......aromatherapy has gone global. In the 1980s Aromatherapy conferences that are still remembered well were held in the UK and among the speakers were authors like Robert Tisserand, Valerie Worwood, Shirley Price and of course many other distinguished individuals. In that time aromatherapy also jumped over the British Channel and established strong roots in Germany where a company by the name of Primavera Life became very active not just in providing essential oils but also organizing educational events and conferences.
In 1990 the American Aromatherapy Association held a well attended, groundbreaking conference in Santa Monica, arguably the first major aromatherapy event in the US. The 1990s were also the time when aromatherapy generally expanded to urban centers in the English speaking world. Along the trails of the old Empire aromatherapy moved from London to places like Toronto, Singapore or Sidney. Finally, in the new Millennium, aromatherapy became an industry. In the1980s the percentage of the worldwide essential oil production that went into aromatherapy was probably less than 5%. With todays corporate players in the field, one can only guess that the essential oil usage for the purposes of aromatherapy has sky-rocketed. The issues arising from the new volume of essential oil trade and consumption merit an extra column. Today, I would like to focus on the cultural aspects of a globalized aromatherapy.
There are now aromatherapy conferences and trade shows in China. In Japan people have been interested in aromatherapy for a long time also. In Indonesia essential oils have been produced for a long time for purposes other than aromatherapy, but by now the aromatherapy fascination has also reached the urban centers of the archipelago. This global rise in interest for the powers of essential oils merits closer examination as to the associated cultural phenomena.
As we look at the trends of 2019 aromatherapy we see that many friends of aromatherapy in the East are interested in the oils from the West and especially from Provence because those are the classic oils of aromatherapy. But simultaneously aromatherapy also stimulates, in all areas of the world, interest in local oils and how they fit into the framework of aromatherapy. I have maintained that the classic oils of Europe often are from green leafy plants and the classic oils of Asia often are from rhizomes, resins and trees. If this is an expression of different climates in different parts of the world and whether or not this reflects in the character or preferences of people that live in these different climates remains a question which can be hotly discussed.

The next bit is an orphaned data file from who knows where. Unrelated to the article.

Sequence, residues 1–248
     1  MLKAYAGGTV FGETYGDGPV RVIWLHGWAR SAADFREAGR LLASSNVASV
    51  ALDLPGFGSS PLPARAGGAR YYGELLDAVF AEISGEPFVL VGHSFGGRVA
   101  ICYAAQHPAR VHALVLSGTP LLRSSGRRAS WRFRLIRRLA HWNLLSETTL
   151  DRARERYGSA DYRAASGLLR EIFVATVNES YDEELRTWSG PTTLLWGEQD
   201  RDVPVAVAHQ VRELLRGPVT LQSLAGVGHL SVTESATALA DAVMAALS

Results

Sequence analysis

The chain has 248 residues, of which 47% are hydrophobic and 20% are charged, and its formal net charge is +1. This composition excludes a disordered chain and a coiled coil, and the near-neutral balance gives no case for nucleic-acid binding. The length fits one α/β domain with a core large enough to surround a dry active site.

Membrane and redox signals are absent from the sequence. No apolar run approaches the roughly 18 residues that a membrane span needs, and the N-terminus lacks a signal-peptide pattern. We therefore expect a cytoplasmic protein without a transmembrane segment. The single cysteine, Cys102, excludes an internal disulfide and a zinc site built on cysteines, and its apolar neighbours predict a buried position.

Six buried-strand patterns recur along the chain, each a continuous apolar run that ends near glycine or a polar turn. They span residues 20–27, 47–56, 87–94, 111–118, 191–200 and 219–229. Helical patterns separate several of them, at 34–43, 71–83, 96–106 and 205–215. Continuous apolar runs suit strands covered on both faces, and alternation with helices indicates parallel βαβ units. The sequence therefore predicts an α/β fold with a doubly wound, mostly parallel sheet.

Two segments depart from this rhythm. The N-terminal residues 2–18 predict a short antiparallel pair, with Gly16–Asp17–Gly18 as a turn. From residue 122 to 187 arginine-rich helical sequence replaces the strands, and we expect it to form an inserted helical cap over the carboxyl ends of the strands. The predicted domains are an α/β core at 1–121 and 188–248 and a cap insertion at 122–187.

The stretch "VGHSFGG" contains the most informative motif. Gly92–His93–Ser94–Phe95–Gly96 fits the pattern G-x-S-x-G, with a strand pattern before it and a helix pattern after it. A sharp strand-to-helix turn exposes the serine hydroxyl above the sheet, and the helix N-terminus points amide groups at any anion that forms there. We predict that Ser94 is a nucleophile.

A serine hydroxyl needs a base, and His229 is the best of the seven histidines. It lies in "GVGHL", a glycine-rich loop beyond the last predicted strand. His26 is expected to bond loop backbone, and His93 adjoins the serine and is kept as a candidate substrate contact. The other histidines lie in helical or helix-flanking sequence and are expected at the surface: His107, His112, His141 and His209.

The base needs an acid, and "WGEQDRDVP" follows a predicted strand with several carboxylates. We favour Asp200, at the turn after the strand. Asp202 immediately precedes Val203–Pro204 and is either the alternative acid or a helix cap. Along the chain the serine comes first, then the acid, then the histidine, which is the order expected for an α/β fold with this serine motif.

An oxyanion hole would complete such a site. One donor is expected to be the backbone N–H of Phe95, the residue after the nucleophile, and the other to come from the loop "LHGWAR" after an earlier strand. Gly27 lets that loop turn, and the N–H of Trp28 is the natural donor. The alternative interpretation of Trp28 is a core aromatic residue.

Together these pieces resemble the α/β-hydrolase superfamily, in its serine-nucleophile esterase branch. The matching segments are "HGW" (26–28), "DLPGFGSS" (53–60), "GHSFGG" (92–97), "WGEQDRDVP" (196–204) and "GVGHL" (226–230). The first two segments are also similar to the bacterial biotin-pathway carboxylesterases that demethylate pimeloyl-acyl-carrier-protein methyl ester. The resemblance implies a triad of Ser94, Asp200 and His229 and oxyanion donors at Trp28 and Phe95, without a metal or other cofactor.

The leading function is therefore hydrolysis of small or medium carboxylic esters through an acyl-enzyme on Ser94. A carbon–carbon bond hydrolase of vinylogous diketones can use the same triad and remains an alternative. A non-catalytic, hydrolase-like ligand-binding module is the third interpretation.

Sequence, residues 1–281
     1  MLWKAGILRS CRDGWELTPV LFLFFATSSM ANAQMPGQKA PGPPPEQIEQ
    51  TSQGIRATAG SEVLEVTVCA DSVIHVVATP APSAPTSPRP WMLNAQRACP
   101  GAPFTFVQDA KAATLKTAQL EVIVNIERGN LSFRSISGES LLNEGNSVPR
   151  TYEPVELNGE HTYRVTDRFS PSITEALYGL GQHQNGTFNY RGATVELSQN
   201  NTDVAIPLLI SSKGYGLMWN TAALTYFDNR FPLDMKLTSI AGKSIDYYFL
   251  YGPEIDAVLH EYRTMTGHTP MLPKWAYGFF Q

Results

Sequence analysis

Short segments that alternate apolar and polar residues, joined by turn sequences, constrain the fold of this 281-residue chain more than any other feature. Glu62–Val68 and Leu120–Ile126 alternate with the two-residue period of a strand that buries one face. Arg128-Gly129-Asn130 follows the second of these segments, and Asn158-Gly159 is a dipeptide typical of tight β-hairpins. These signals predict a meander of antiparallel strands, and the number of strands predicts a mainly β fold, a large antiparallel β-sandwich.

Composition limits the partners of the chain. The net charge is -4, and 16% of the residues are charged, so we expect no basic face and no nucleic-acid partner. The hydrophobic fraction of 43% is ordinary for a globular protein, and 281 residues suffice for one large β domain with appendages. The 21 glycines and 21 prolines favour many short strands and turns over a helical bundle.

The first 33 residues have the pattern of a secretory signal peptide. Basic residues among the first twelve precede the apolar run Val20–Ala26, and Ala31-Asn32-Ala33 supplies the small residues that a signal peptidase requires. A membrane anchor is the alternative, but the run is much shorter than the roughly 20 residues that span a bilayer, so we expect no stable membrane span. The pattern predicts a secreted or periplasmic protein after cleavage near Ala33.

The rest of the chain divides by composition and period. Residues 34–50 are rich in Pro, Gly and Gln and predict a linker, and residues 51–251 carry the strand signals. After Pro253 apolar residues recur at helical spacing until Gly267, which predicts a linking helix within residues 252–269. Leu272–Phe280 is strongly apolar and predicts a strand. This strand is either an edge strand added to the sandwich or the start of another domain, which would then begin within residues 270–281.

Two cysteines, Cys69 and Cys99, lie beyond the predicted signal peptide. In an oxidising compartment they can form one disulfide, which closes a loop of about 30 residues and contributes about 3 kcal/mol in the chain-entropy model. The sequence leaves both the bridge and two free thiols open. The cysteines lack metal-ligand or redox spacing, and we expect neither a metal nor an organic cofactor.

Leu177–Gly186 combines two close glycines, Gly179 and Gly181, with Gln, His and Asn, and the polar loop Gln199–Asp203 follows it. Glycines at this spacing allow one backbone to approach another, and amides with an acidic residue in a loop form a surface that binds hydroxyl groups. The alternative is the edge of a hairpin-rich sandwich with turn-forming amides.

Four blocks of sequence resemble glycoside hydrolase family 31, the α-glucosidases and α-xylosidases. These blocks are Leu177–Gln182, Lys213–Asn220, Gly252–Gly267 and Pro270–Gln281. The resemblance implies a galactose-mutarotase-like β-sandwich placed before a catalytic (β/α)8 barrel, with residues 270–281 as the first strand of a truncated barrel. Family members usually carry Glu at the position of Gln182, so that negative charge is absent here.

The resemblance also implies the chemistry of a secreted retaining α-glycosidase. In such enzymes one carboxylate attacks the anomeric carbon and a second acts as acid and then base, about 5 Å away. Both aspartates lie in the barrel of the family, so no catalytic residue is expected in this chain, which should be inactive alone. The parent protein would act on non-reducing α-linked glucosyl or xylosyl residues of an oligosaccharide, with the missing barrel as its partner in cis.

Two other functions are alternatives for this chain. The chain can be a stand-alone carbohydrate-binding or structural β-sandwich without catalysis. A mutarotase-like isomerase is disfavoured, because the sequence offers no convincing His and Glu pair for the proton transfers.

To approach the global character of aromatherapy in a playful fashion we will, in future posts, visit six distinct areas and their characteristic oils, which we believe are representative for their regions of origin and are used by the people of that region for their specific healing properties.
Lavender is our first example. Its cultivation was introduced to Haute Provence in the beginning of the 20th century. In the process Lavender cultivation became central to the local agriculture and the farmers gathered extensive experience how to produce different types of Lavender oil. Specific clones became popular and Lavandin became a dominant feature in the landscape of Haute Provence.
More detail on the different types of Provencale Lavenders can be found in my February 12th piece: “My Favorite Oils.”
Lavandin: Aromatherapy Workhorse
Today most of the areas of Provence cultivated with some form of Lavender are planted with different types of Lavandin, a hybrid between True (Lavandula angustifolia) and Spike Lavender (Lavandula spica).
This has not always been so. Prior to the WWI era, Lavender oil was mostly produced from wild plants in the French and Italian Alps. Given the poverty of the soil at higher elevations of Provence and the dire economic situation after WWI local farmers looked for a crop that could produce extra income. They found that cash crop first in Lavender and soon thereafter also in different Lavandin hybrids.
The history Lavender and Lavandin cultivation on the plateaux of Provence is a fascinating story that tells us much about the often mysterious or serpentine interactions of people and aromatic plants.
Among the different Lavandins, Lavandin super is the most easily accessible and useful one. Its high content of the calming linalyl acetate (an ester component) gives it a soothing quality, without taking away a very mild tingle. The oil is very useful as a calming and anti-inflammatory component for blending, that can be used in larger proportions due to its favorable cost. It is also a good oil to use in the shower, it can be splattered over wet skin for an immediate sensation of well being.
Further reading in Healing Intelligence of Essential Oils: Lavandins in Provence, page 88. Lavandin in the Shower page 125.
© 2019 Pacific Institute of Aromatherapy